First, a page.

Despite enriching data analysis in oncology, lesion heterogeneity has been often ignored or disregarded in the TS modeling, as also highlighted by the limited number of published works in this field (9,10). This is due to the complex models and methods needed to consider differences between organs or tissues, as well as the intra-tumor heterogeneity within an anatomic area. Models with such features are complex and computationally expensive. Thus, being able to efficiently assess and quantify the heterogeneity in iTLs TS dynamics prior to any modeling analysis is extremely valuable to inform and to guide the best modeling strategies. The recently proposed CICIL methodology addressed this objective by exploiting ML techniques to inform subsequent modeling steps (11). This approach provides a user-friendly and automated framework to quantify heterogeneity in tumor dynamics at different levels: (i) between iTLs within an organ and (ii) between lesions located in different tissues. Results can be used to make data-driven modeling decisions, for example, about the use of total TS versus iTLs TS, and about the level (within or across tissues) of tumor heterogeneity to be accounted for in the model.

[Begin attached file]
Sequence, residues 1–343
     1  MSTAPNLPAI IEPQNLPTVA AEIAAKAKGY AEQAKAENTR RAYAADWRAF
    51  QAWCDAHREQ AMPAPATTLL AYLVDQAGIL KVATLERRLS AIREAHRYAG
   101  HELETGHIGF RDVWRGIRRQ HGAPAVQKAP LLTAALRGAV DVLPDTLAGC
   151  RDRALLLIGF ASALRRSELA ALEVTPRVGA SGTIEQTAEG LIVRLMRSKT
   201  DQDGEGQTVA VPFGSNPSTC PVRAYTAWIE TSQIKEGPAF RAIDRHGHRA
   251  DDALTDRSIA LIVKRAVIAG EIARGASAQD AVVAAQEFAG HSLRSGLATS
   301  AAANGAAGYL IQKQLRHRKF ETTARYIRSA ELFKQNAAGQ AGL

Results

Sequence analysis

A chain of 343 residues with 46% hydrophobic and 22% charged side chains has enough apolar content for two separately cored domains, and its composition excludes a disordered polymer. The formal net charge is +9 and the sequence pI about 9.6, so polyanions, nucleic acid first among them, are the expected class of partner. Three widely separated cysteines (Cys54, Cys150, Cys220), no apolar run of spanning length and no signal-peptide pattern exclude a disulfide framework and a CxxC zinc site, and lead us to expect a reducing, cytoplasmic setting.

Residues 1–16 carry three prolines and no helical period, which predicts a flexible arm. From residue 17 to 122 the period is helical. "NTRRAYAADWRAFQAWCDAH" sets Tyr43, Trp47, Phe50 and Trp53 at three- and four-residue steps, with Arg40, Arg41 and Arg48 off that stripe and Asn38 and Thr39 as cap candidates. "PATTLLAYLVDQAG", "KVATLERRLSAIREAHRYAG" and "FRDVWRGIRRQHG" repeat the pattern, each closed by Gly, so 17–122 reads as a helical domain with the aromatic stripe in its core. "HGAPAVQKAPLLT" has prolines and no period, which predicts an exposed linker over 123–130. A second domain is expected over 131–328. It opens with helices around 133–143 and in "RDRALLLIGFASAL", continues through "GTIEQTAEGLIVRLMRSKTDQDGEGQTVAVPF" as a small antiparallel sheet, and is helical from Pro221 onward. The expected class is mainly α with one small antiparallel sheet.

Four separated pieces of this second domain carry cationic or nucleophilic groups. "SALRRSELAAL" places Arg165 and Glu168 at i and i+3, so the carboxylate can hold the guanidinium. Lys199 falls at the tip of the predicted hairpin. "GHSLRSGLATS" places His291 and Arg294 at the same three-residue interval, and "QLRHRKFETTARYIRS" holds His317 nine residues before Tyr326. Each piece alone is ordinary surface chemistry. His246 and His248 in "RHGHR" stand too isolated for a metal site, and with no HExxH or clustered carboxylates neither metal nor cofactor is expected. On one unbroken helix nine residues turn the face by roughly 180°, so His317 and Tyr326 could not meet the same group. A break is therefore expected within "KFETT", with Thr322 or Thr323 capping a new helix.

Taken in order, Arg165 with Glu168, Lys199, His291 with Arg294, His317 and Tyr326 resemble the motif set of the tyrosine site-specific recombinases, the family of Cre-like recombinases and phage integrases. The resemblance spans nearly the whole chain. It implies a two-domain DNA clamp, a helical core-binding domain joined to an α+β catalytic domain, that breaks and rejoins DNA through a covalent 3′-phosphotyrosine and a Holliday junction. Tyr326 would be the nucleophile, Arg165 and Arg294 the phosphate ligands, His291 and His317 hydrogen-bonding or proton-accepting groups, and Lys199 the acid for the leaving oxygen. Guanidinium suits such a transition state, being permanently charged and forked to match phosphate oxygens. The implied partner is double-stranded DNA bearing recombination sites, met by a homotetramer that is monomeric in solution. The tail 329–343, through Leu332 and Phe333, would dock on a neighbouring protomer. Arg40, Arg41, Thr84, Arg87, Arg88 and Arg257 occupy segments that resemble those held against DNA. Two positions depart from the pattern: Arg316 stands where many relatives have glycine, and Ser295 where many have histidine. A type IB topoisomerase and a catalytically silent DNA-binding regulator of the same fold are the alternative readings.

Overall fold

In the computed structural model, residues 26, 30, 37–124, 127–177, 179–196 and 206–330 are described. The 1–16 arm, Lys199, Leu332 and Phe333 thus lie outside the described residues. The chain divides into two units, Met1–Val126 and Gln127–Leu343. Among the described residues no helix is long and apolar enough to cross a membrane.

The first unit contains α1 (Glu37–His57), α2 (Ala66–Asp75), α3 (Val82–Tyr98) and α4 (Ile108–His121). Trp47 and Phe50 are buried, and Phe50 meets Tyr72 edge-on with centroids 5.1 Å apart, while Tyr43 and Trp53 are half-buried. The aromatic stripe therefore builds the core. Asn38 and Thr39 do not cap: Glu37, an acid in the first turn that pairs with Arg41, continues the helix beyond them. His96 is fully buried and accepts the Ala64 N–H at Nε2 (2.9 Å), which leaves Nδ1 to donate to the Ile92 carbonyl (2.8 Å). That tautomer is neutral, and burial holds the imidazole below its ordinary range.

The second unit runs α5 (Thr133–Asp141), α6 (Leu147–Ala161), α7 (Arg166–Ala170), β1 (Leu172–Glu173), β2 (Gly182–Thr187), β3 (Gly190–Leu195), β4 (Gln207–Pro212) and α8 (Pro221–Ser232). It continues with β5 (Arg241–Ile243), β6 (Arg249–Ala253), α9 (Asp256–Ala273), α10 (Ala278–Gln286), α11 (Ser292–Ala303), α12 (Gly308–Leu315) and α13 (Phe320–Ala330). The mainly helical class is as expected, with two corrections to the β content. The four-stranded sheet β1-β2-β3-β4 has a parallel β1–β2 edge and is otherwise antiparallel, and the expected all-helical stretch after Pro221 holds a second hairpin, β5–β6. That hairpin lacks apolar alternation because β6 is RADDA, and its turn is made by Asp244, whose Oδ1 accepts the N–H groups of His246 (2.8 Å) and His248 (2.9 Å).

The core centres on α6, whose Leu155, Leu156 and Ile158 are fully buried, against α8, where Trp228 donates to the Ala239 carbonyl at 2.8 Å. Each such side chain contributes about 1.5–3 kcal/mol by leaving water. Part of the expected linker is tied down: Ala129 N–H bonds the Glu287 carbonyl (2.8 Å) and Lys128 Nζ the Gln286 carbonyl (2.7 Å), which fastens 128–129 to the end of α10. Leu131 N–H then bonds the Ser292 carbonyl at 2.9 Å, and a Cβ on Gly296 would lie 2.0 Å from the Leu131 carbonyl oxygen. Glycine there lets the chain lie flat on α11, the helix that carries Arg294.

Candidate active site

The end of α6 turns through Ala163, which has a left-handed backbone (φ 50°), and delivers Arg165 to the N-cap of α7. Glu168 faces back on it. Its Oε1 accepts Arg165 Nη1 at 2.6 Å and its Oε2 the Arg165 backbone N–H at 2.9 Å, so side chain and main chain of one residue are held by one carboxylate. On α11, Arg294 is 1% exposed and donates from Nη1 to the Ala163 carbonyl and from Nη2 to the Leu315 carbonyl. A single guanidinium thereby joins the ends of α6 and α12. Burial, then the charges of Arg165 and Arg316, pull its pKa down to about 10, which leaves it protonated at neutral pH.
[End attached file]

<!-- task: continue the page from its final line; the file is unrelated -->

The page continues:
The CICIL outcome obtained from a large dataset of tumor measures was assessed with respect to different factors (genetic mutations, tumor metrics), and its direct link with a clinical endpoint was quantified. Comparisons between KRASwt and KRASmut patients indicated less heterogeneity in tumor lesions dynamics in the KRASwt subgroup which is known to well respond to Cetuximab treatment. The method used to measure the lesion TS did not lead to different results except for the single-study analysis of CRYSTAL where an apparent heterogeneity was compensated and reduced when including the perpendicular diameter and obtaining the SOPD. An increased risk of death with increased heterogeneity was suggested by all tested models, especially in KRASwt patients. A reduced impact of heterogeneity in TS dynamics on risk for KRASmut patients was indicated.